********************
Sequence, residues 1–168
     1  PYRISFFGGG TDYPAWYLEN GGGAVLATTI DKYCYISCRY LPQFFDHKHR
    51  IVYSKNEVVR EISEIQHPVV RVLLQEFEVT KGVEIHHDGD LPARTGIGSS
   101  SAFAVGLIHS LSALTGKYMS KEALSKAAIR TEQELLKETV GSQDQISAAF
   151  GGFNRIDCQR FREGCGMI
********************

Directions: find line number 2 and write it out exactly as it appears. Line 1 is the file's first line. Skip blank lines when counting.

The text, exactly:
     1  PYRISFFGGG TDYPAWYLEN GGGAVLATTI DKYCYISCRY LPQFFDHKHR